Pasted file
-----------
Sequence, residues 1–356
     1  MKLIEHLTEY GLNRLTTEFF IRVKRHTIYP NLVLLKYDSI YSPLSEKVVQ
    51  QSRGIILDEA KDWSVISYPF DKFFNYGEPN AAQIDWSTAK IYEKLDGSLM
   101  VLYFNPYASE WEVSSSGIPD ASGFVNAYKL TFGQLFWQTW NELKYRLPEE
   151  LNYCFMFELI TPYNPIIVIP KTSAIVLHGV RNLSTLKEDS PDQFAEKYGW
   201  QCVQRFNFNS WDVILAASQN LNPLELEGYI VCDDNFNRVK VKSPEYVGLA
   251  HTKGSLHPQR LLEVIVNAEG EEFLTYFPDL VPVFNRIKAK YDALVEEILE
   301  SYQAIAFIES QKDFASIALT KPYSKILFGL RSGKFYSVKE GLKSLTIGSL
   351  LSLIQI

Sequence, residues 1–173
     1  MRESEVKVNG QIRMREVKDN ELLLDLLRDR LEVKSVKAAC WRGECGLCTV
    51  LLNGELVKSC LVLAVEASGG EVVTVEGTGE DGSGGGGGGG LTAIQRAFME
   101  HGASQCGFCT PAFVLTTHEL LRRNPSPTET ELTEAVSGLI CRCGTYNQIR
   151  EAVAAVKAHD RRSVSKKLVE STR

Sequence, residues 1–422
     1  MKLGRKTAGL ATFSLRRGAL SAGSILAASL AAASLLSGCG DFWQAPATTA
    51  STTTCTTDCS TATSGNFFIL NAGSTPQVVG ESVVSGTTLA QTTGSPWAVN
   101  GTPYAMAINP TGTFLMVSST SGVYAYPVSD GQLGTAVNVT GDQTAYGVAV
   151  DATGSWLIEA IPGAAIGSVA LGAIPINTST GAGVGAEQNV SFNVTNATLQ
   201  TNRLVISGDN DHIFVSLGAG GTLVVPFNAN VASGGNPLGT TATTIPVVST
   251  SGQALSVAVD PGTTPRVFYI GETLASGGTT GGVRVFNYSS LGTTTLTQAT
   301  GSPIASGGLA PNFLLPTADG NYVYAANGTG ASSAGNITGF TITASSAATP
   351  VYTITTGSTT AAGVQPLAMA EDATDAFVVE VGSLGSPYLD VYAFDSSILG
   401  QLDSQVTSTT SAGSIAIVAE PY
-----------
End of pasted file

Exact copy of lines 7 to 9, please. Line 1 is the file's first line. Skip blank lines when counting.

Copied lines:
   251  HTKGSLHPQR LLEVIVNAEG EEFLTYFPDL VPVFNRIKAK YDALVEEILE
   301  SYQAIAFIES QKDFASIALT KPYSKILFGL RSGKFYSVKE GLKSLTIGSL
   351  LSLIQI